Social Media | June 17, 2013

Seven Writing Tips for Bloggers to Convey Your Message

tips for editing your blog posts

Every blogger develops their own writing style. This is a part of the attraction of reading a blog. If we were to examine your writing style, we will probably find that reflects the type of person that we are in real life. Loyal readers can discover some of your character traits and your skills just by reading your blog. For instance, I like to get to the point, which is why I prefer shorter posts to long ones.

My writing process has been influenced by my experience as a technical writer, a business analyst, a designer and digital product creator. The layout, the images that I choose and the words that I wrote are all part of my blog signature. I also rely on a set of writing techniques to produce content. What I would like to discuss here is the writing process that I used once I did my research and narrowed the topic.

1. Determine what is your message

I start every post with a purpose, a specific goal in mind. As a rule of thumb, I will continue to work on a text until it says only what is crucial to deliver that message. I rely on a set of rules that help me convey that message. It is essential that you establish first what is your goal, why are you talking about it, why the audience should care about it. Everything else that you do after that is to support that goal.

2. Determine the format

What is the best way for your words to deliver the message? Do you wish to inspire people, convince them of the value of an idea, recollect an event, share an experience, suggest solutions or write a tutorial? There is a lot of talks these days about storytelling. Think about you can integrate a story line.

3. Words have a cost even in the digital world

In a world where you compete for people attention, I give just enough details to make the information valuable and understandable by the readers.

4. Don’t get attached to your text

If I worked hard on a section and it never seems right, it is usually because it doesn’t belong there or that it is a distraction. When I have doubts about a section, I ask myself why I should keep it? Does it helps people to understand my message, is it a lesson that I want them to take home, is it necessary? Before you throw the section away, you could ask yourself if that could become the story of another post?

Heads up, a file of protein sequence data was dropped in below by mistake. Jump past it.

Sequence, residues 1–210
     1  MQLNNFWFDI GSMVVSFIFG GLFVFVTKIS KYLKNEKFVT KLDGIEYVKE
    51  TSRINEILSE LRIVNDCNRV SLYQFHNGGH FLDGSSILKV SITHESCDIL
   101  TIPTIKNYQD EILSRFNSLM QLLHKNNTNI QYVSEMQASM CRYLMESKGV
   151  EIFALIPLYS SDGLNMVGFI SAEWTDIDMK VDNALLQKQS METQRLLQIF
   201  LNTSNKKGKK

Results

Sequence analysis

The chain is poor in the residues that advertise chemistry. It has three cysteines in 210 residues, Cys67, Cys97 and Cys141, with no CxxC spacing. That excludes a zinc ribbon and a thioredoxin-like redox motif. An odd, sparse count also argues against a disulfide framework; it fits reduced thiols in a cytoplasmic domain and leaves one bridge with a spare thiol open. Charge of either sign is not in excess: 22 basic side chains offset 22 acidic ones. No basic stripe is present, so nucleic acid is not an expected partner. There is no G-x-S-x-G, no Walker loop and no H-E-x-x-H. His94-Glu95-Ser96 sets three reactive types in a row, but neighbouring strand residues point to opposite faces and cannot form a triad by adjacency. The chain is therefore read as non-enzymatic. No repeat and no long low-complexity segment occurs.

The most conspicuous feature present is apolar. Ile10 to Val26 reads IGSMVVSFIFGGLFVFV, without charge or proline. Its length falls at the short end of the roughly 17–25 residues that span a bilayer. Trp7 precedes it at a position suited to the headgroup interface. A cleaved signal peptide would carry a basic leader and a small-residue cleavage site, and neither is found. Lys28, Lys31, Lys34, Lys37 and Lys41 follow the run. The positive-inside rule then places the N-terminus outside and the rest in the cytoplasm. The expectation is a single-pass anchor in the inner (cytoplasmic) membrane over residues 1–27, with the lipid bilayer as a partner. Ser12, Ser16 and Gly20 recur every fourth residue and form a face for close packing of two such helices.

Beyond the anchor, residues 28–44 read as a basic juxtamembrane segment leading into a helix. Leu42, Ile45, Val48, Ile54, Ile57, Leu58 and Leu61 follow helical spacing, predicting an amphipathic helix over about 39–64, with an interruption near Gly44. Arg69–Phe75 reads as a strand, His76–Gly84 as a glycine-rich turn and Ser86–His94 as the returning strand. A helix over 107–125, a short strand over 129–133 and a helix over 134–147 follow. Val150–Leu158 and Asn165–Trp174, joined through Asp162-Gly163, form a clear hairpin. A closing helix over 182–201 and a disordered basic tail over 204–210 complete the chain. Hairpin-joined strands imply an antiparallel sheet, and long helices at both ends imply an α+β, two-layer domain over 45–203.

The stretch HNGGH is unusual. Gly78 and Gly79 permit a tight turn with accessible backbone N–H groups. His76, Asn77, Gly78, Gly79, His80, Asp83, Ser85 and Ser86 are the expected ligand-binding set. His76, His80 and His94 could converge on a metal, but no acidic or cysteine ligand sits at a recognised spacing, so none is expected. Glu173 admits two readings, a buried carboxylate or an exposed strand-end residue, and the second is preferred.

Personally, I can be too ruthless when it comes to cutting the text of a post. When I am not sure if a stranger would grasp the point I am trying to make, I ask a few people that I trust for their input. The same way that great speakers invite a trusted group of people to a rehearsal of their presentation, you can ask a few people to read your post before publishing it.

5. How you would promote your post?

I wish that I would have done this more often before hitting the Publish button. Think about how you will promote your post on Twitter, Facebook, LinkedIn, etc. More than once, a better way to phrase my message or a more catching angle came to me when tweeting. I wished that I thought about it before the post went live. I now allow for a short break period after I saved my final draft. I use the break to free my mind or do another task. If I still like it after the break, it goes live. Otherwise, I will fix it.

6. Think about your opening and ending of your story

To be honest with you, this is not my forte. I like to write openings but I always seems to lack imagination when it comes to conclude my post. Therefore, I will refrain to give you any more advices on the topic. If you can help me, I would like to hear your suggestions.

7. A picture is worth a thousand words

Pictures sell. The most powerful element of your opening to get readers care about your post should be a photo that captures the spirit of the post and put the readers into the right mindset. When I select the picture depends on the type of topic. I select the images first when I write about design or a product. Otherwise, selecting the photo(s) is the last thing that I do. Use your own pictures, whenever you can. With time, creating your own picture will not take longer than searching for a photo that could fit your story.

Adapt the rules to your style and use the rules as a checklist before you hit the Publish button. Have fun writing!

,

Comments are closed.